Apple aims to patent fall-detecting iPod

Technology would detect increase in acceleration that accompanies the portable music player's drop.

Ina Fried
Ina Fried Former Staff writer, CNET News
During her years at CNET News, Ina Fried changed beats several times, changed genders once, and covered both of the Pirates of Silicon Valley.
2 min read
Apple Computer is eyeing a technology that could make the iPod more likely to survive a fall.

The company has applied for a patent on technology that would allow a portable media player to detect when it is falling and then stop reading or writing to the hard drive. Such technology would work by detecting the acceleration that accompanies a drop.

"The portable-computing device protects its disk drive by monitoring for such accelerations and operating to avoid usage of the disk drive during periods of acceleration," Apple said in the patent application, which was published Dec. 16. "Through such protection, the likelihood of damage to the disk drive or loss of data stored on the disk drive is able to be substantially reduced."

IBM began including a similar feature on its ThinkPad notebook line in October 2003. Apple's patent application was filed in June 2003, but it wasn't published until last week.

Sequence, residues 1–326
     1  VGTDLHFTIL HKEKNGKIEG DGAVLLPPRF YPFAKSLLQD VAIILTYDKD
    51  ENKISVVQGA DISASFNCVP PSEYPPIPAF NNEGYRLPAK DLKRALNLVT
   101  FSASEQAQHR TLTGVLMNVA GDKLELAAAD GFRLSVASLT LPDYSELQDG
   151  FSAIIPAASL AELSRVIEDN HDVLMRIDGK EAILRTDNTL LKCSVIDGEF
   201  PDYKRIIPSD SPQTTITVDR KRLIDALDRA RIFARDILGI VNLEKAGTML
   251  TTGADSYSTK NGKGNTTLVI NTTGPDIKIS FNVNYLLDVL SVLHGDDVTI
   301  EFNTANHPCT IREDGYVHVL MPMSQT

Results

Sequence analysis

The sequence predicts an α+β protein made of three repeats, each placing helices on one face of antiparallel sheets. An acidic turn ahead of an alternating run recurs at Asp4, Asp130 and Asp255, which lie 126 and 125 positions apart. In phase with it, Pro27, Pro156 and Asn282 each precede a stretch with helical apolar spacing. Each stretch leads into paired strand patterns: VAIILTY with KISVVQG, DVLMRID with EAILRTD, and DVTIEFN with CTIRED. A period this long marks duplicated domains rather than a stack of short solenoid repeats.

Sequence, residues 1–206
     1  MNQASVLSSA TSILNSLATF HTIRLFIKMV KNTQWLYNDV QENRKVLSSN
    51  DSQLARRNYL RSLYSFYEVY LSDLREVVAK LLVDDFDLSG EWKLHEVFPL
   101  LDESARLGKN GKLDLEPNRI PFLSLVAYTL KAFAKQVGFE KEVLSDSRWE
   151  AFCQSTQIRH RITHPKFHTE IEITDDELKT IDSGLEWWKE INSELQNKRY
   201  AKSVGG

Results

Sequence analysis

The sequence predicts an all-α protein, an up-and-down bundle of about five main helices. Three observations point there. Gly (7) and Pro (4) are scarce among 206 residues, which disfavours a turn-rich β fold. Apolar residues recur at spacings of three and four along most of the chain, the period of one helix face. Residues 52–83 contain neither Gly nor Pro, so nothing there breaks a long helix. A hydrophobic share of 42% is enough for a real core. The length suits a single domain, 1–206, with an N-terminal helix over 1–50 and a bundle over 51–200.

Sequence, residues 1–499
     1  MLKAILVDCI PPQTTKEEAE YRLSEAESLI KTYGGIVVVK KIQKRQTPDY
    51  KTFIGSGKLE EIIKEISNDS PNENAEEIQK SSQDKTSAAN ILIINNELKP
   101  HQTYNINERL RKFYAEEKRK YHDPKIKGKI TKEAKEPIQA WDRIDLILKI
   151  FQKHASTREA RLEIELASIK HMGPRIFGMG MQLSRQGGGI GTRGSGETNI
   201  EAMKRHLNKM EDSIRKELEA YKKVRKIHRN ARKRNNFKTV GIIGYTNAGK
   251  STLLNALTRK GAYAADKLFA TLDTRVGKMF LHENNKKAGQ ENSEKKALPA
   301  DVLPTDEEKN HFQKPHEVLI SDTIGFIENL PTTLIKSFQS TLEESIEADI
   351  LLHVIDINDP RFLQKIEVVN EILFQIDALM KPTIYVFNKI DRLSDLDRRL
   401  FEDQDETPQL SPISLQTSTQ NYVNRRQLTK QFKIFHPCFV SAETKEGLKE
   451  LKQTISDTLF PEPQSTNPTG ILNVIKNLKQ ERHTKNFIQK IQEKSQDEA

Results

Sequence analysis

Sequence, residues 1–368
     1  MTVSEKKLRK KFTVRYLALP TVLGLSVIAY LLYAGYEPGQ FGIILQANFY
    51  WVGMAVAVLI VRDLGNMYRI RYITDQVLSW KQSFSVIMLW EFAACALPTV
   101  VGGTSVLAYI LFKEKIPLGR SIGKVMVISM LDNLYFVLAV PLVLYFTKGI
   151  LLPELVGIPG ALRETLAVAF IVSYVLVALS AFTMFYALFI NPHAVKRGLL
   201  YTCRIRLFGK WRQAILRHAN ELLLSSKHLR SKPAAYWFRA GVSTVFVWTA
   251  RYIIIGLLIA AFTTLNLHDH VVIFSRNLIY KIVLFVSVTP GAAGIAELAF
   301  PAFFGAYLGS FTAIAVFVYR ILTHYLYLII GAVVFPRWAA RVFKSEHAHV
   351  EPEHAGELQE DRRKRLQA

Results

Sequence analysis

Others are trying different approaches. Hitachi is working to make the hard drive's read/write arm smaller and more nimble. That would make the drive less likely to be damaged in a fall.

Start-up drive maker Cornice has discussed plans for a 3GB, 1-inch drive whose read/write arm physically locks when the drive isn't in use. That won't necessarily protect a drive that is in the process of reading or writing when the device is dropped.

However, the approach taken by IBM and Apple has its limits. It takes time for a device to notice the acceleration. Thus, the product has to be dropped from a certain height for the feature to kick in.

Apple also applied for several other patents that have been published in recent weeks. One covers the technology that musicians and record labels use to submit music to the iTunes Music Store. Several others cover video-conferencing technology. Another patent, published Wednesday, appears to cover the concept included in Mac OS X Panther's Expose feature, where overlapping windows are separated on the same screen.

An Apple representative declined to comment.